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Aug 13, 2010, 1:46:23 AM8/13/10

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Maxima is printing what I consider a strange result on two Solaris machines,

when computing the asinh of 1.0. The leading zero is not printed, so a doctest

fails.

when computing the asinh of 1.0. The leading zero is not printed, so a doctest

fails.

sage: maxima('asinh(1.0)')

.8813735870195429

which fails a doctest

Expected:

0.881373587019543

Got:

.8813735870195429

http://trac.sagemath.org/sage_trac/ticket/9693

The Maxima developers can reproduce similar examples on Linux machines and seem

to see this more as a feature than a bug, as it allows printing more digits in

the 17 places allocated to printing numbers.

http://www.math.utexas.edu/pipermail/maxima/2010/022230.html

How should this doctest be changed so it passes?

What seems easiest to me, is just to change the test. So instead of finding the

asinh of 1.0, we do it of 2.0

sage: maxima('asinh(2.0)')

1.44363547517881

That gives a number > 1, so the problem with the missing leading zero goes. For

the point of view of a test, I don't see it really matters what the value is

going to be chosen.

A higher precision result of this, which I computed with Mathematica is:

In[4]:= N[ArcSinh[2],30]

Out[4]= 1.44363547517881034249327674027

It so happens I get *exactly* the same result then on all these machines.

* sage.math (Linux)

* bsd.math (OS X)

* t2.math (Solaris 10 on SPARC)

* fulvia @ skynet (Solaris 10 on x86)

* My Ultra 27 (OpenSolaris on x86)

In all cases, all digits are in fact correct - at least they agree with a higher

precision result I computed with Mathematica.

So I propose we change symbolic/expression.pyx to compute the asinh(2.0) instead

of asinh(1.0), and set the expected result to 1.44363547517881, as that's that

result is correct in every digit, and is given on all the machines where I have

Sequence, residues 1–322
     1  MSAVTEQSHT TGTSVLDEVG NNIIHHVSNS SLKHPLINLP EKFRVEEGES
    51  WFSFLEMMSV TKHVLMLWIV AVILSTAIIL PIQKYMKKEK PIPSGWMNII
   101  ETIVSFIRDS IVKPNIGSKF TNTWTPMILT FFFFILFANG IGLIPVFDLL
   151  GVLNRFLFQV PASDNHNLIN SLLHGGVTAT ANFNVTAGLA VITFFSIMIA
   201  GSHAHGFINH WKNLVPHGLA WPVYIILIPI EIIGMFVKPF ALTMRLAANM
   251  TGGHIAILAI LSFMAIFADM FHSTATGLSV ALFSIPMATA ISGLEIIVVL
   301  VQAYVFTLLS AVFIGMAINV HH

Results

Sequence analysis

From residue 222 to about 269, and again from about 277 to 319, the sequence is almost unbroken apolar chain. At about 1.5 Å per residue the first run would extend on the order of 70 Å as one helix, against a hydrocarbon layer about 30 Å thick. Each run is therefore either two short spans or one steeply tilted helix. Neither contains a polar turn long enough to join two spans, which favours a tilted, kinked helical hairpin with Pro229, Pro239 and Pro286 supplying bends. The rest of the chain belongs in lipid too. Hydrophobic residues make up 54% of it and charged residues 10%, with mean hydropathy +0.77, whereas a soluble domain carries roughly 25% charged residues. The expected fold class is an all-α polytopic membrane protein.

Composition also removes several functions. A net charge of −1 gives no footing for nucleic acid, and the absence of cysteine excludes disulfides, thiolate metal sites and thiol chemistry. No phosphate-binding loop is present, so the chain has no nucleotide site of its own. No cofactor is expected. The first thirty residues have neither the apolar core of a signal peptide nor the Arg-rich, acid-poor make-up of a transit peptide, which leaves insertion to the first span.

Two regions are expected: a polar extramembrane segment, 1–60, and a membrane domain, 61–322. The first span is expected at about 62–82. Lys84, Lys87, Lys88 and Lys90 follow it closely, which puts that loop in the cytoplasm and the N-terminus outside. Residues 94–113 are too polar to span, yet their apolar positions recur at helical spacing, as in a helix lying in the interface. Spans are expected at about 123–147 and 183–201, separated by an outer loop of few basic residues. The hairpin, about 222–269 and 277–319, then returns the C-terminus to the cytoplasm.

managed to try Sage.

Does that seem a reasonable change?

Perhaps setting the expected result to 1.4436354751788... might be better, as

that will allow a bit of room for numerical noise, though all machines I've

tested on give exactly the same result.

Dave

Aug 13, 2010, 2:10:29 AM8/13/10

to sage-...@googlegroups.com

On Thu, Aug 12, 2010 at 10:46 PM, Dr. David Kirkby

<david....@onetel.net> wrote:

> Does that seem a reasonable change?

<david....@onetel.net> wrote:

> Does that seem a reasonable change?

+1

--Mike

Aug 13, 2010, 3:08:53 AM8/13/10

to sage-...@googlegroups.com

Thank you Mike. I'll make that change if there are no objections. But I'll wait

until I get a few responses from the answer to

sage: maxima('asinh(2.0)')

as I'd like to know if other systems give other results.

How can I add a comment to the doc test, which will not be printed in the

documentation? I'd like to add the result from a high-precision computation, so

anyone looking at the doctest in future could see what's a reasonable answer and

what is not. I get very frustrated when I see an expected result of

"23.32233298" or something like that, with no explanation why that result is

expected.

Dave

Aug 13, 2010, 11:29:46 AM8/13/10

to sage-...@googlegroups.com

I don't know of a way to add a comment to the doctest that won't be

shown as part of the documentation. I'd recommend either letting it

show in the documentation or adding it as a Python comment just after

the doctest (at the first line of the function body).

Carl

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